Sunrise light on a grove of tufa towers emerging from the water of Mono Lake with soft green and dusty-red wild grasses in the foreground, Canada geese in the shallow water with reflections of the rocky towers, and desert hills in the distance.

Refreshing ‘Ologists: Avalanche forecasting challenges in a changing climate

This post was written by Ellie Neifeld, 2019 Mono Lake Intern.

Join us on Wednesday July 14 at 4:00pm in the Mono Lake Committee gallery for Refreshments with Refreshing ‘Ologists. Sue Burak, snow scientist and avalanche forecaster, will be here to discuss how climate change is producing unusual avalanches. If you can join us for this free talk, please register here!

A debris flow across Tioga Pass Road on June 17, 2019. Photo courtesy of Sue Burak.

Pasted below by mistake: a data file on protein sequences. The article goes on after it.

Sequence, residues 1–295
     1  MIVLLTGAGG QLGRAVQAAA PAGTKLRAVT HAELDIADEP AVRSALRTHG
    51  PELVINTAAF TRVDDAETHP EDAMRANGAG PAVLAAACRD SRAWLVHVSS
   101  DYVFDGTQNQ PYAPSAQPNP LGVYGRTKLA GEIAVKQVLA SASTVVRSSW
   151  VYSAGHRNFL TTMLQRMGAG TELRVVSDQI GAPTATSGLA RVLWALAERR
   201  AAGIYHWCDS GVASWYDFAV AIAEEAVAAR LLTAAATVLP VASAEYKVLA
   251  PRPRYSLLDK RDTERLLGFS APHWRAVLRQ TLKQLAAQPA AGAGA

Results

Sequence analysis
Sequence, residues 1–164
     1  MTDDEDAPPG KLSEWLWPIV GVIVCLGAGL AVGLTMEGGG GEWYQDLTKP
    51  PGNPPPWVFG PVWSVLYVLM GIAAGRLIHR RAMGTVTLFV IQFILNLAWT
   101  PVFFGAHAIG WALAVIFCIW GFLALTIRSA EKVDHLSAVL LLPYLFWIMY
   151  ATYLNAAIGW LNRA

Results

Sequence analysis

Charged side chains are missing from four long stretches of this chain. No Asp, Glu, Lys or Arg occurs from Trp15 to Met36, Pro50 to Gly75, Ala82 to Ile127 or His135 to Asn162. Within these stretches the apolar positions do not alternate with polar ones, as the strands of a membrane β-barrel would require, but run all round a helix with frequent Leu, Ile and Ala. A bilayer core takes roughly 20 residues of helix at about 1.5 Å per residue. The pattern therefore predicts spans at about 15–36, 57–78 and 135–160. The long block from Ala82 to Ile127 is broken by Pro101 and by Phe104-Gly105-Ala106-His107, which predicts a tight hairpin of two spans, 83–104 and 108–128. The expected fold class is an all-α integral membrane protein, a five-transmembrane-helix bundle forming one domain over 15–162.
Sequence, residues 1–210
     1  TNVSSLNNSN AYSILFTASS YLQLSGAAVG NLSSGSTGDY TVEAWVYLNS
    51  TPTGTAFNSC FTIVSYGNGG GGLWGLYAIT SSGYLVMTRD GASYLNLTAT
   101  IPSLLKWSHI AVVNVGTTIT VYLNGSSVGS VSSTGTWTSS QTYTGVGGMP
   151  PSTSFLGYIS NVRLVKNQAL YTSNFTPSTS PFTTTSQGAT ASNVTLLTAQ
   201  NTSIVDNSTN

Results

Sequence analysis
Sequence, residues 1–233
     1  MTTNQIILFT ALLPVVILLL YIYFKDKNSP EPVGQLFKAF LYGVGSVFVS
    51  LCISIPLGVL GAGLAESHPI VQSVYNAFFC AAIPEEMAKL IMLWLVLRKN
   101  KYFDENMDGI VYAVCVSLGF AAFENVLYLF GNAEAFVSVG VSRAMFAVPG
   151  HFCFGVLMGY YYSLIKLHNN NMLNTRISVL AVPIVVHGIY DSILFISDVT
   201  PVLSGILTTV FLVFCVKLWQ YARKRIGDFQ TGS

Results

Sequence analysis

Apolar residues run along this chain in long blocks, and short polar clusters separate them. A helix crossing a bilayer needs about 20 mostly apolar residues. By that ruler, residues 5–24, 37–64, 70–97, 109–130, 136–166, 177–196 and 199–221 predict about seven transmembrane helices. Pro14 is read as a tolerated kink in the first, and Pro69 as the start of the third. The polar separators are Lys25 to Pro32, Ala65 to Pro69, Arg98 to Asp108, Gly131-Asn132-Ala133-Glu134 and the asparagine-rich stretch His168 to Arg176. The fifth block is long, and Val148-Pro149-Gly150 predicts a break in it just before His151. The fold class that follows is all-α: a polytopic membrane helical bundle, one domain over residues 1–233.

Recent avalanches in the Sierra have been unusual. Avalanche activity in 2019 began in early January and continued through June when a wet slab avalanche released above Tioga Pass Road and deposited mud and rocks onto Dana Meadows. Sue will explain why this avalanche happened through exploring the difference between wet snow and dry snow avalanches, and then discuss how climate change presents new challenges to avalanche forecasters. As an added bonus, she will offer some predictions for the winter of 2020!

A D4 wet snow avalanche that occurred on McGee Mountain on March 22, 2018. Photo courtesy of Sue Burak.

Sue Burak has been working on and studying snow and avalanches for 20 years as a snow scientist and operational avalanche forecaster. She earned an MSc in hydrology from the University of Nevada, Reno and is currently enrolled in an online Meteorology program at Penn State University.

A D5 avalanche at Mammoth Mountain Ski Area on January 7, 2017. Photo courtesy of Sue Burak.